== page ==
Our year-end white paper (YEWP) is somewhat out-of-date, and we couldn’t be happier! Since publishing it just 11 days ago, and with the end of 2018 hours away, we wanted to share three significant updates in our final post of the year. The updates cover progress with Singularity itself, the integration with Kubernetes, and the inaugural Singularity User Group event.
The Singularity 3.0.2 Release is Imminent
A second release candidate for version 3.0.2 of Singularity has recently been made available. As you might expect from the .1 increment (from the currently generally available version 3.0.1) this release is comprised primarily of bug fixes and improvements. One notable enhancement, however, is the ability to authenticate interactively with Docker registries via the “–docker-login” flag – an optional flag for Singularity’s “build” or “pull” commands. The specifics of this release are available here. Given that this is a release candidate, the call to action is straightforward:
Please take it for a spin, see what works, and report what doesn’t! As always, please report any bugs to: https://github.com/sylabs/singularity/issues/new
If you think that you’ve discovered a security vulnerability please report it to: firstname.lastname@example.org
As always, the engagement of the Singularity Community is critical in driving this candidate forward towards a generally available release early in 2019.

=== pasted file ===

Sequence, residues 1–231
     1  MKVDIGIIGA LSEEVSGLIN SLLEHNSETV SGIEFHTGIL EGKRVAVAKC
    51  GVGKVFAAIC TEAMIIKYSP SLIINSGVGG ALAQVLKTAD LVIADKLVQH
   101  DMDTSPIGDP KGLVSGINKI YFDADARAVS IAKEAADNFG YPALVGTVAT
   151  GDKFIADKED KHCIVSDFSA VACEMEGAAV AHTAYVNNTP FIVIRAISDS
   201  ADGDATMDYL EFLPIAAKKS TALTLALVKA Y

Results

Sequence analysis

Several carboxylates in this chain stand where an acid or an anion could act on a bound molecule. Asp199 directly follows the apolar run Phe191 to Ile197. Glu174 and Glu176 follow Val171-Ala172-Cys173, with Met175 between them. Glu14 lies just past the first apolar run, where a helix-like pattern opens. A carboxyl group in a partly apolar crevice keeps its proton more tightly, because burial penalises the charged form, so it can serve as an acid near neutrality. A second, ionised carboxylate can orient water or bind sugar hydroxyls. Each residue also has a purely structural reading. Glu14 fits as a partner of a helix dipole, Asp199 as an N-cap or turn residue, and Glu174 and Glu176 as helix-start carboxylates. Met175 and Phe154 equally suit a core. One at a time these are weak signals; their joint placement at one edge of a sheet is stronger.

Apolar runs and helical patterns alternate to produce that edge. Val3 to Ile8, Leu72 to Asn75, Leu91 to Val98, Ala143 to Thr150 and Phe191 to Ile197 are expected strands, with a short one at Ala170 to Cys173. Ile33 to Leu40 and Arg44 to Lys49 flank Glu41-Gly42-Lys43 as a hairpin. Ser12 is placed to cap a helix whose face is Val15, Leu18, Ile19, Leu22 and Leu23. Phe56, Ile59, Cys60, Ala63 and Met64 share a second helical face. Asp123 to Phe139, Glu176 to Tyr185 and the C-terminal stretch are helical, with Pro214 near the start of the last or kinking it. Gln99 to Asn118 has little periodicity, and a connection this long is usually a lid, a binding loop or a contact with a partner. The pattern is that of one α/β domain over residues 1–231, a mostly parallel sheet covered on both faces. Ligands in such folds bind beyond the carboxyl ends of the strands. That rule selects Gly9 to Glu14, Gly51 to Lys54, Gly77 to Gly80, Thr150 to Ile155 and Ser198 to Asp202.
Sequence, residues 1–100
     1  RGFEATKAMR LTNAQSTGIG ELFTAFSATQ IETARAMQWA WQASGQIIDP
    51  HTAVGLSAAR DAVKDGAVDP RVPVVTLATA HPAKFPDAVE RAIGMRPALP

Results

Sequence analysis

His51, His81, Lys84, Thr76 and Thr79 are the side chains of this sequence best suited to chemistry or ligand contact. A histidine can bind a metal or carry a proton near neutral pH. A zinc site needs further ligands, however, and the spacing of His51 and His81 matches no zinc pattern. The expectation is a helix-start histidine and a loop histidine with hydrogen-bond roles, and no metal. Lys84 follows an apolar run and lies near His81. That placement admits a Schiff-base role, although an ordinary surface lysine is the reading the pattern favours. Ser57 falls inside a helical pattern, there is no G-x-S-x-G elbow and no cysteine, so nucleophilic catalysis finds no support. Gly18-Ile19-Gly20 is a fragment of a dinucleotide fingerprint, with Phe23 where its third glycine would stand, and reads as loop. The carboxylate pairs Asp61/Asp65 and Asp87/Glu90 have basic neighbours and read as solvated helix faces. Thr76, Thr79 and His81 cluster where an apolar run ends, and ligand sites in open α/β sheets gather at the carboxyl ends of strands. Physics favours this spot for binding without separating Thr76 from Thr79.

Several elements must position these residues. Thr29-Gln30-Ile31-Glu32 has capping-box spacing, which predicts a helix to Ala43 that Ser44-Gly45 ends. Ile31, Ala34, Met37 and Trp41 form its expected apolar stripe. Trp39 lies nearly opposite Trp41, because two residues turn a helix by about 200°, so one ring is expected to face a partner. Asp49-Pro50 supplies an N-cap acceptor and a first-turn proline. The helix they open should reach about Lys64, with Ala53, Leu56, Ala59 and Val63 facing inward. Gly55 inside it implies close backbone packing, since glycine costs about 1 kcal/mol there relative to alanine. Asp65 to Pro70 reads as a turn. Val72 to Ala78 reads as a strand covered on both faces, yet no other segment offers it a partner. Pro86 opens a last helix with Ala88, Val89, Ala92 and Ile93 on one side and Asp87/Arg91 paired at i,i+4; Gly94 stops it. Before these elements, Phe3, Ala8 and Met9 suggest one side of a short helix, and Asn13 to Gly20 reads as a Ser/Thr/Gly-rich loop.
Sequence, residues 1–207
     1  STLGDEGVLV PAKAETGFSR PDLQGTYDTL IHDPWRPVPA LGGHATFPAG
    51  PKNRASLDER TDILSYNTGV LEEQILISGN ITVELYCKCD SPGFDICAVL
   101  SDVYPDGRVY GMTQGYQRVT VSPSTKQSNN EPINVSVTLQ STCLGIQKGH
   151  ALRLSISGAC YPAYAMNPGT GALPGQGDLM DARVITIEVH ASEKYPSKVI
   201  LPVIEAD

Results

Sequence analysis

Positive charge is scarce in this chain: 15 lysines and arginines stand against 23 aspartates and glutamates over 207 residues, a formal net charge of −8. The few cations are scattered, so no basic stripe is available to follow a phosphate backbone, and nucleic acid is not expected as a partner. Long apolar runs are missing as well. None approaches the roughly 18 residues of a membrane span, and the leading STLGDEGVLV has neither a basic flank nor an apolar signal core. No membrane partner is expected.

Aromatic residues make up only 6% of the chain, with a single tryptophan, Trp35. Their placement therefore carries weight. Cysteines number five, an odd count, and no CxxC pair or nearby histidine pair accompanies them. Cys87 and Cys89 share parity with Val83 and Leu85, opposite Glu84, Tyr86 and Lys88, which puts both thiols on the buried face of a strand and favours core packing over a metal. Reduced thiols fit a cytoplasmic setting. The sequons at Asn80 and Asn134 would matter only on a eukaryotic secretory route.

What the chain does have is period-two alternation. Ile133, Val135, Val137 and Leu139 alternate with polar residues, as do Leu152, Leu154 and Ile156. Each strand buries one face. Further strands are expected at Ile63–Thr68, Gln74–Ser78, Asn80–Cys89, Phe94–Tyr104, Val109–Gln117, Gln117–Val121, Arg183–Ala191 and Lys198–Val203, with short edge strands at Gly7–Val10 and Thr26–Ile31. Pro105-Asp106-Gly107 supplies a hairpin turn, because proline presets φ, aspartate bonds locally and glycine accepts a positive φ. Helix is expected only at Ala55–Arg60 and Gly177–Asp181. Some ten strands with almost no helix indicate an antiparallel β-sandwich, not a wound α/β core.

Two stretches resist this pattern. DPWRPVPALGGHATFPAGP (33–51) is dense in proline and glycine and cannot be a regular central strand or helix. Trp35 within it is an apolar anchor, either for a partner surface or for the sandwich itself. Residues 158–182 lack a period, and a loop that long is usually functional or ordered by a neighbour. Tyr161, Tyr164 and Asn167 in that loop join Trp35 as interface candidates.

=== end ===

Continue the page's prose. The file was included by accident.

The Singularity-Kubernetes Integration Achieves Another Significant Milestone
The Singularity implementation of the Kubernetes Container Runtime Interface (CRI) is now valid for 62 of 71 tests. This 87% milestone is the final in a flurry of updates that have been shared over the final quarter of 2018, dating back to the official release of open source Singularity CRI in November. To take the integration to the A+ level in early 2019, Sylabs and the Singularity Community will be emphasizing support for networking, and SELinux, as well as Linux Control Groups (CGroups). Singularity CRI remains a work in progress gRPC shim implementation that will enable a native interface between Kubelets and the Singularity container runtime. This integration represents a critical step in allowing for the containerization of compute-driven workloads in environments orchestrated by Kubernetes to support real time AI and streamed data analytics.
The Inaugural Meeting of the Singularity User Group is Set
The inaugural meeting of the Singularity User Group (SUG) is yet another positive indicator of the gains made by the software and its Community in 2018. The first ever SUG will be hosted by the San Diego Supercomputer Center (SDSC) in partnership with Sylabs, March 12-13, 2019. The agenda is shaping up to include keynotes and contributed talks, technical sessions and networking opportunities. Participants will have the opportunity not only to engage in this landmark event, but to shape its future for HPC and enterprise AI workloads. Please stay tuned for the call for papers (CFP) early in the New Year. In the interim, please express your interest in this event by signing up for event updates by sending email to email@example.com.
To reiterate here for the final time in 2018, this truly has been a remarkable year for Singularity and its Community. Between updates to the software itself, substantial progress on a critical integration, as well as the first F2F for the Community, the New Year is well poised to start with significant momentum. We look forward to sharing updates on these and other developments in 2019!